Dissection Of Discrimination In John Steinbeck's Of Mice And Men

Decent Essays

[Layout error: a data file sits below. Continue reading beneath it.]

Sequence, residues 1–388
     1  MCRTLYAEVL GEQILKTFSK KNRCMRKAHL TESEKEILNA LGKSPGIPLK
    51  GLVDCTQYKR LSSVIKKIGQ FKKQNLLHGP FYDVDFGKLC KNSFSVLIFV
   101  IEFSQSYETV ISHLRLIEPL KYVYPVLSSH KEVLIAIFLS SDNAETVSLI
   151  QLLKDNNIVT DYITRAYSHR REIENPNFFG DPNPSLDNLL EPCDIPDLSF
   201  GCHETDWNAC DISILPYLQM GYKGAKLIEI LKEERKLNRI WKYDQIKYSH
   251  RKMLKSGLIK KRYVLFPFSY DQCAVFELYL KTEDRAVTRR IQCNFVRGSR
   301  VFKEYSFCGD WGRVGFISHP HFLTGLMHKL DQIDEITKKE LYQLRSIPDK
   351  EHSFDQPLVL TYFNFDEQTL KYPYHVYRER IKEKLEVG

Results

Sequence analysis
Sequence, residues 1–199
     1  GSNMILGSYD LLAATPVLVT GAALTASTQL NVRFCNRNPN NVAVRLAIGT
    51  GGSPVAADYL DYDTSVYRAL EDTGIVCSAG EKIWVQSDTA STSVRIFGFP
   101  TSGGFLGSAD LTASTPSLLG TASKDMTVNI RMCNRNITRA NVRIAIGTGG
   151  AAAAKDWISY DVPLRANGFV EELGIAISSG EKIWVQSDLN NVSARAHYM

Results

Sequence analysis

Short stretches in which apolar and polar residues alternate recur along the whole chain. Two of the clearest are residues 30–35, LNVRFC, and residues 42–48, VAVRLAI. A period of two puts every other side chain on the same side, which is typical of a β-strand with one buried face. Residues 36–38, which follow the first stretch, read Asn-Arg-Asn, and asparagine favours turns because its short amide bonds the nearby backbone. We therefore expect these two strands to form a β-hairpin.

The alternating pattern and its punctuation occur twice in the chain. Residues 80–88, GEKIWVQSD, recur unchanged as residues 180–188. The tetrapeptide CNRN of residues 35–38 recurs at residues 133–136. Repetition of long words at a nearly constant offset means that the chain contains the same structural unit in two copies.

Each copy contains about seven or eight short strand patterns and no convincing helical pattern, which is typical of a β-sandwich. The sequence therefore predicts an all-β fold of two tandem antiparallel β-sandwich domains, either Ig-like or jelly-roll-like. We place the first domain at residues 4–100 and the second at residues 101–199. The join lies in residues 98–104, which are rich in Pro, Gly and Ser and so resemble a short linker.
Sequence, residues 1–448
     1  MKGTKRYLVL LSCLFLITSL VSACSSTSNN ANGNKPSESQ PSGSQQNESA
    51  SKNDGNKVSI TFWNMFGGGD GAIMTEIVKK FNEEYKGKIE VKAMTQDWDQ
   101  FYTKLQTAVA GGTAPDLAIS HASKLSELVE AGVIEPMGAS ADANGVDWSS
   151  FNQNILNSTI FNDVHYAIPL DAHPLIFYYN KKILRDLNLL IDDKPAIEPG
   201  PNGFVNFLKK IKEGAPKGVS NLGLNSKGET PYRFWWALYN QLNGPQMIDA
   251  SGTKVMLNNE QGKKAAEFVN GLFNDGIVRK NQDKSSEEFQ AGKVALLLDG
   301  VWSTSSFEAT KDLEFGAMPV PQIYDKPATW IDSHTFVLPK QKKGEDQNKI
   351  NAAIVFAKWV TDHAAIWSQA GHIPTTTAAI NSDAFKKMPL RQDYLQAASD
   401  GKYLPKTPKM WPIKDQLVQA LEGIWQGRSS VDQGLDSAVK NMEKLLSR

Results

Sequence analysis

A Dissection of Discrimination John F. Kennedy once stated, “If we cannot end now our differences, at least we can help make the world safe for diversity… we all inhabit this small planet. We all breathe the same air… And we are all mortal”. Despite clear homogeneity among humankind, it is difficult to name a time in which there was little to no prejudice against certain communities. Even today, in a seemingly progressive society, racism, sexism, and ableism are still prevalent. Similarly to Kennedy in his American University commencement speech, Steinbeck suggests working towards improving humanity’s issues by bringing them to light in his Nobel Prize acceptance speech, declaring that writers are “charged with exposing our many grievous faults and failures, with dredging up to the light our dark and dangerous dreams for the purpose of improvement”. In his novella Of Mice and Men, the characterization of Crooks, Curley’s wife, and Lennie exposes one of humanity’s most “grievous faults” or “failures” in their discrimination of others, but also provides a new perspective on everyday prejudice for the purpose of improvement. To begin, although Steinbeck’s characterization of Crooks demonstrates everyday racism, Lennie’s view of Crooks portrays common humanity between characters that may not be recognized otherwise. When Crooks demands that Curley’s wife leaves, she enjoins him to “keep [his] place then, n*****” and claims she “could get [him] strung up on a tree so easy”

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